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Controller Magic: Param Conversion

Time to finally make these genus notes dynamic! Woo!

Remember, those are loaded by a ReactJS app, and that makes an AJAX call to an API endpoint in GenusController. Here it is: getNotesAction():

... lines 1 - 12
class GenusController extends Controller
{
... lines 15 - 90
/**
* @Route("/genus/{genusName}/notes", name="genus_show_notes")
* @Method("GET")
*/
public function getNotesAction($genusName)
{
... lines 97 - 106
}
}

Step 1: use the genusName argument to query for a Genus object. But you guys already know how to do that: get the entity manager, get the Genus repository, and then call a method on it - like findOneBy():

... lines 1 - 12
class GenusController extends Controller
{
... lines 15 - 54
/**
* @Route("/genus/{genusName}", name="genus_show")
*/
public function showAction($genusName)
{
$em = $this->getDoctrine()->getManager();
$genus = $em->getRepository('AppBundle:Genus')
->findOneBy(['name' => $genusName]);
... lines 64 - 88
}
... lines 90 - 107
}

Old news.

Let's do something much cooler. First, change {genusName} in the route to {name}, but don't ask why yet. Just trust me:

... lines 1 - 12
class GenusController extends Controller
{
... lines 15 - 90
/**
* @Route("/genus/{name}/notes", name="genus_show_notes")
* @Method("GET")
*/
public function getNotesAction(Genus $genus)
{
... lines 97 - 107
}
}

This doesn't change the URL to this page... but it does break all the links we have to this route.

To fix those, go to the terminal and search for the route name:

git grep genus_show_notes

Oh cool! It's only used in one spot. Open show.html.twig and find it at the bottom. Just change the key from genusName to name:

... lines 1 - 23
{% block javascripts %}
... lines 25 - 30
<script type="text/babel">
var notesUrl = '{{ path('genus_show_notes', {'name': genus.name}) }}';
... lines 33 - 37
</script>
{% endblock %}

Using Param Conversion

So... doing all of this didn't change anything. So why did I make us do all that? Let me show you. You might expect me to add a $name argument. But don't! Instead, type-hint the argument with the Genus class and then add $genus:

... lines 1 - 12
class GenusController extends Controller
{
... lines 15 - 90
/**
* @Route("/genus/{name}/notes", name="genus_show_notes")
* @Method("GET")
*/
public function getNotesAction(Genus $genus)
{
... lines 97 - 107
}
}

What? I just violated one of the cardinal rules of routing: that every argument must match the name of a routing wildcard. The truth is, if you type-hint an argument with an entity class - like Genus - Symfony will automatically query for it. This works as long as the wildcard has the same name as a property on Genus. That's why we changed {genusName} to {name}. Btw, this is called "param conversion".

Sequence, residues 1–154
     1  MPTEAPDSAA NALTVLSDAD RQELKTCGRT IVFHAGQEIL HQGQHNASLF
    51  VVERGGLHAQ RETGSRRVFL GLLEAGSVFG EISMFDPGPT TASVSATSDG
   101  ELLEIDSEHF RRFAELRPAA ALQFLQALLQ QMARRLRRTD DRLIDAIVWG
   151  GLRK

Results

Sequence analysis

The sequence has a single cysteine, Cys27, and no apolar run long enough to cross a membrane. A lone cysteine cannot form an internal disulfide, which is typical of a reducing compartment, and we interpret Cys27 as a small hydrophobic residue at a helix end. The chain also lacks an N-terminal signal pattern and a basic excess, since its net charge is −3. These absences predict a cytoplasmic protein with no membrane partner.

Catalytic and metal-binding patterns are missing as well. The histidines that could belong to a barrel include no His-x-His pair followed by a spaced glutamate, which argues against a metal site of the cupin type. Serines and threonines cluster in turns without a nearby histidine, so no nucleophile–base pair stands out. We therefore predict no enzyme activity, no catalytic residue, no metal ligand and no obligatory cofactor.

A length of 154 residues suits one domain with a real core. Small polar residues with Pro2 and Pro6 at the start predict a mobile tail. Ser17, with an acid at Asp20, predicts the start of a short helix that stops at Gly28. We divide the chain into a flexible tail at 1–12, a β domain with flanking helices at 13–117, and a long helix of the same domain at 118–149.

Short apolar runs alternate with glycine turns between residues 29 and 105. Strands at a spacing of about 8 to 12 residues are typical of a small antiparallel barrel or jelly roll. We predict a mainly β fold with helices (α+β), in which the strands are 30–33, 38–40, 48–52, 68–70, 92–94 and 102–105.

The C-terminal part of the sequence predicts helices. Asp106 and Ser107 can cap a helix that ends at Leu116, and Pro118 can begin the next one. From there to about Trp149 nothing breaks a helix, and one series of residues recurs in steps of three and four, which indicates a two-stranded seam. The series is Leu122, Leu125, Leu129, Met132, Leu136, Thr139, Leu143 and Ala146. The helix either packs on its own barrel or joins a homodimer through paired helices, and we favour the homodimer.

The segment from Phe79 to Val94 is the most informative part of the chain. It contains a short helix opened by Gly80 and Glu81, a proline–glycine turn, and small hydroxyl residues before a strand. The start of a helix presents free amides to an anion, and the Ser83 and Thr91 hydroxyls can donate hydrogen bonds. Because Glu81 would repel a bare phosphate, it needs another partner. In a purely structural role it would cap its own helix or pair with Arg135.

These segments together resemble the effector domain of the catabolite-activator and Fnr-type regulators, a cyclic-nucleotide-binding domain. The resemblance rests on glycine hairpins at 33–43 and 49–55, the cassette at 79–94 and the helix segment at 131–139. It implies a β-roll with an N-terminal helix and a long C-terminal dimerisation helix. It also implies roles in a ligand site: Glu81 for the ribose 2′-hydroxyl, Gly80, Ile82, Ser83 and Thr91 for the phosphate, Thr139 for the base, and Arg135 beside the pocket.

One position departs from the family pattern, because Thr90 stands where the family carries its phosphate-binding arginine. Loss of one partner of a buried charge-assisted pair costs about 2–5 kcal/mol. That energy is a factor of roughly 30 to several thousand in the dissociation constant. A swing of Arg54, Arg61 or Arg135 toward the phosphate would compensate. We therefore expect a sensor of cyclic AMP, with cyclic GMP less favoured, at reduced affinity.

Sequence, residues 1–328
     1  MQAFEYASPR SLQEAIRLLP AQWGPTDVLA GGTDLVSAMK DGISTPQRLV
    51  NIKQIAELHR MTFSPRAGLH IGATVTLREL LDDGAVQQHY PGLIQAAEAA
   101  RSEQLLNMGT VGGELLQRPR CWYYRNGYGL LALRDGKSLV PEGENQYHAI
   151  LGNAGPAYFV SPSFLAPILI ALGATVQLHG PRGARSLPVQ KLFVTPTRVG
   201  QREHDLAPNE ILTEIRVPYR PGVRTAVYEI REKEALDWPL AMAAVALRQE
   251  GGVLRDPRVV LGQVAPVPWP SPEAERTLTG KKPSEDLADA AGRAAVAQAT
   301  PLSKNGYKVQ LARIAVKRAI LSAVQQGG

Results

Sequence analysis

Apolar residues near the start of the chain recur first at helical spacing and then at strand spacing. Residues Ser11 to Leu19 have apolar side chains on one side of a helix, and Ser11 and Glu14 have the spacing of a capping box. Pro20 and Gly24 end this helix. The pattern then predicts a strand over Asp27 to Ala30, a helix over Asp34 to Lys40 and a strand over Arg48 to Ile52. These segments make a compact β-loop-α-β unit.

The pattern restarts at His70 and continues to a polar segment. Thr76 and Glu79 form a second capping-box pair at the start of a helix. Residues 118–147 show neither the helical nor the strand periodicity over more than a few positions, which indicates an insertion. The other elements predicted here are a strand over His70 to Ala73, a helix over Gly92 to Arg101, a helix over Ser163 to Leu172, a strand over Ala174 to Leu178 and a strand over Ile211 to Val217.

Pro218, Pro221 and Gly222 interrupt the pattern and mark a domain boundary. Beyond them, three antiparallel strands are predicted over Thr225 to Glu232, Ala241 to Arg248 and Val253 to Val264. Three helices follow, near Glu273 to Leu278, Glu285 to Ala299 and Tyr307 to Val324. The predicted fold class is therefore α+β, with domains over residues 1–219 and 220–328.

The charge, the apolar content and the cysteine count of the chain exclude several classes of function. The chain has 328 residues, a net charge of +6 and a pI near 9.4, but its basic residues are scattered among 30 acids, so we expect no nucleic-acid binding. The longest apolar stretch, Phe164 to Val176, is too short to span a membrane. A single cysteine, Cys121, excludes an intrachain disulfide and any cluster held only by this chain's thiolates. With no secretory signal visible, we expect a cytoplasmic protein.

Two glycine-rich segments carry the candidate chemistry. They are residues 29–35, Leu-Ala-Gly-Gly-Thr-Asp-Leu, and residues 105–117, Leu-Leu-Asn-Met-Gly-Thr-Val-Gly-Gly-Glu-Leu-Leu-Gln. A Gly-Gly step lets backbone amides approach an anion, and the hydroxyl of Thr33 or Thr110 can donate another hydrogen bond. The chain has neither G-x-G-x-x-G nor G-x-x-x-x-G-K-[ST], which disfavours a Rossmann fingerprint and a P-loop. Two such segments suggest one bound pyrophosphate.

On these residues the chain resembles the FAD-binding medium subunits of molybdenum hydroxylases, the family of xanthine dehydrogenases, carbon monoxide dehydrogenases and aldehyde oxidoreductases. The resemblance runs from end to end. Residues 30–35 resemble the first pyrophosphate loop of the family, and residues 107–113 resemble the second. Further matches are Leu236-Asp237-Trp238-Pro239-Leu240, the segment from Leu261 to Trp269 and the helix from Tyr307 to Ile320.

Tip

Param Conversion comes from the SensioFrameworkExtraBundle.

Dump the $genus to prove it's working:

... lines 1 - 12
class GenusController extends Controller
{
... lines 15 - 94
public function getNotesAction(Genus $genus)
{
dump($genus);
... lines 98 - 107
}
}

Go back and refresh! We don't see the dump because it's actually an AJAX call - one that happens automatically each second.

Seeing the Profiler for an AJAX Request

But don't worry! Go to /_profiler to see a list of the most recent requests, including AJAX requests. Select one of these: this is the profiler for that AJAX call, and in the Debug panel... there's the dump. It's alive!

So be lazy: setup your routes with a wildcard that matches a property name and use a type-hint to activate param conversion. If a genus can't be found for this page, it'll automatically 404. And if you can't use param conversion because you need to run a custom query: cool - just get the entity manager and query like normal. Use the shortcut when it helps!

Leave a comment!

  • 2018-12-09 weaverryan

    Hey Ahmed EBEN HASSINE!

    Yes, you're correct: if the Genus is not found, then a NotFoundHttpException is thrown, which will cause a 404 page. You can customize the 404 page (there are docs on this - it's pretty simple), but there will not be any simple way to know when you're customizing it what caused the 404. So, it's easy to have one 404 page for your site. But, if you want a different 404 error for difference sections of you're site, you'll need to do a bit more work, unfortunately:

    1) Do not use the ParamConverter
    2) Create a new Exception class that extends NotFoundHttpException - e.g. CustomMessageNotFoundHttpException - something like: